Jumper's Knee vs Runner's Knee
Jumper’s knee (patellar tendonitis) happens when the tendon connecting your shinbone to your kneecap becomes inflamed. Runner’s knee (patellofemoral pain syndrome) occurs when your kneecap has veered off the patellar groove. Jumper’s knee is almost always caused by repetitive impact and runner’s knee results from overuse or direct trauma.
What's the Difference?
Both of these injuries are prevalent among athletes and can be worsened by weak muscles. Runner’s knee can often manifest in young adults, and can occur in active or inactive people who ramp up their activity too quickly and cause pressure inside the knee joint. Older and overweight adults are more likely to get jumper’s knee. Athletes who overtrain or avoid warmups are also more likely to injure their tendons.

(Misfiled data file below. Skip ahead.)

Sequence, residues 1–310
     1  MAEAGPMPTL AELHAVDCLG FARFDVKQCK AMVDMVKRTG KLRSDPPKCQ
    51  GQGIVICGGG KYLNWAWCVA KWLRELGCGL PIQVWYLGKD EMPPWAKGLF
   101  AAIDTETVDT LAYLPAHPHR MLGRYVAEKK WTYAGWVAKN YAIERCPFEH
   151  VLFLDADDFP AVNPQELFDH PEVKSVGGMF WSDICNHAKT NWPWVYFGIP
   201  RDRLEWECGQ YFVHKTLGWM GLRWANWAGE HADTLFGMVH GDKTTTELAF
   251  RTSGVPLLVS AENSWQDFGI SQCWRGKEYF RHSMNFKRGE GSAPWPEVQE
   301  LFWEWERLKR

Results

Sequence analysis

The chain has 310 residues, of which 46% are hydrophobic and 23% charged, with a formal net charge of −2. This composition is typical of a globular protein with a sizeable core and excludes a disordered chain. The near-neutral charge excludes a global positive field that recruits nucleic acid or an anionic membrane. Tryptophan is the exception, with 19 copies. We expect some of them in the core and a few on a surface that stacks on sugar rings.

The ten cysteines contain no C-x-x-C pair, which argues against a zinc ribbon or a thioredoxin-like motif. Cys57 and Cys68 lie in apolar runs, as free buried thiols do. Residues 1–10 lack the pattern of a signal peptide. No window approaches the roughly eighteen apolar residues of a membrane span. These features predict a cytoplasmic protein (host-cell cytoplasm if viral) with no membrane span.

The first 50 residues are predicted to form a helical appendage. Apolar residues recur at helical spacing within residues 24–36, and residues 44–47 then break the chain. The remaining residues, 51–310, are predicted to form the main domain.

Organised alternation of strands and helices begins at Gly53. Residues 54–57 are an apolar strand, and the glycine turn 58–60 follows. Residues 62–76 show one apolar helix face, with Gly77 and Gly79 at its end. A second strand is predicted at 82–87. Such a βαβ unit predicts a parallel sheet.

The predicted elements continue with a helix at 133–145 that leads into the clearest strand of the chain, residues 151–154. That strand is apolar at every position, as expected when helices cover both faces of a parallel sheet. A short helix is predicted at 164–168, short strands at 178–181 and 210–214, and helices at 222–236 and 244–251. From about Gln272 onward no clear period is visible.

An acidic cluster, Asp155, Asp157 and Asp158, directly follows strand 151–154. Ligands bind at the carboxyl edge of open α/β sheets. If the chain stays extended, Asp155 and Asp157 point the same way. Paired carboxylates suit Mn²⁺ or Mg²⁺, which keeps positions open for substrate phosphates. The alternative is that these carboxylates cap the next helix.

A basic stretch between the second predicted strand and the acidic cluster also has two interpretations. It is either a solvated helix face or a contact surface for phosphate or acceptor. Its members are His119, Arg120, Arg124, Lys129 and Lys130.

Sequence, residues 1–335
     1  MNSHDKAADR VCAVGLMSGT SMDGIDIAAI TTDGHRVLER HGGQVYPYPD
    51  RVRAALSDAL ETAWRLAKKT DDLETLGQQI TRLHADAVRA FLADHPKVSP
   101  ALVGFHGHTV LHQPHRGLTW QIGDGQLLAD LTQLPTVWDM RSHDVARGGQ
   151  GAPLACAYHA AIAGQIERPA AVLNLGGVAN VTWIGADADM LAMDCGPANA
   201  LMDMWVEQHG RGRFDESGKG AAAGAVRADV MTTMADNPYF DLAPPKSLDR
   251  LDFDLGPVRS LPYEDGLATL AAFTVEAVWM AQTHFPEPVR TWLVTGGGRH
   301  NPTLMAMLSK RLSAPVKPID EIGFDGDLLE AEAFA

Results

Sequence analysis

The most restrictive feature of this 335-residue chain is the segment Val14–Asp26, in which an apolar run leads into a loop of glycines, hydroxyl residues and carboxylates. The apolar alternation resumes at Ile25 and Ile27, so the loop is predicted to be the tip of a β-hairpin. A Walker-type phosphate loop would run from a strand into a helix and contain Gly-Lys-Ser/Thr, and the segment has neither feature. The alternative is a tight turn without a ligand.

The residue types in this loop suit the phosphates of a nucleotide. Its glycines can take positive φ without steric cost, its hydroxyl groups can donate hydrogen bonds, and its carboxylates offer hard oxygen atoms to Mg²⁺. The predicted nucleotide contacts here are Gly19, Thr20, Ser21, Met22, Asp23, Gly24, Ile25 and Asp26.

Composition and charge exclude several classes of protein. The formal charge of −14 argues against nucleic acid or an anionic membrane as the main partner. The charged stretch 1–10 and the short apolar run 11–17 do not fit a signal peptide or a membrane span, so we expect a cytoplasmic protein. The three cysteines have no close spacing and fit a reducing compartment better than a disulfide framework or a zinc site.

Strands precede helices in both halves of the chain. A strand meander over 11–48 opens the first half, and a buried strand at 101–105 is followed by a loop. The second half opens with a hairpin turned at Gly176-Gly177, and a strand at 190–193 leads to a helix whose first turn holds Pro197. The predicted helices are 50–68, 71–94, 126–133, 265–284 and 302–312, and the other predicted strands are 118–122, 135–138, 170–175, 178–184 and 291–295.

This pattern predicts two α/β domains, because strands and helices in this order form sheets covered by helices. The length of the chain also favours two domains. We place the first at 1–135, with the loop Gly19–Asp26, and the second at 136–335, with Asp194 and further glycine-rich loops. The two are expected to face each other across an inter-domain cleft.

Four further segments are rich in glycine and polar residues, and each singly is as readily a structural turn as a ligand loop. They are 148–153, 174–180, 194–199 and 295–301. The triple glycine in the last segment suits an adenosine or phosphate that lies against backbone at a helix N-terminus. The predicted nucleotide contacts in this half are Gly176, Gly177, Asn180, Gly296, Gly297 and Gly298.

Who is at Risk?
Jumper's Knee: Symptoms and Signs
Sharp pain just below kneecap
Pain when bending or straightening the leg
Pain when putting weight on leg
Runner's Knee: Symptoms and Signs
Dull pain in the front of the knee
Grinding or grating sensation when bending the knee
Worsening knee pain when kneeling, squatting, or climbing stairs
RICE: Rest, ice, compression and elevation
Stretching and strengthening exercises
Improving warmup or training activities
No matter what symptoms you’re experiencing, getting prompt medical attention is one of the best ways to keep your knees in good shape. The good news is that both conditions tend to respond well to conservative treatment options.
The Right Treatment for Jumper's & Runner's Knee
You depend on your knees a lot - probably more than you realize. Delaying treatment could aggravate your symptoms and develop more serious problems in the future. To learn more, contact Orthoillinois and request an appointment with Dr. Van Thiel today.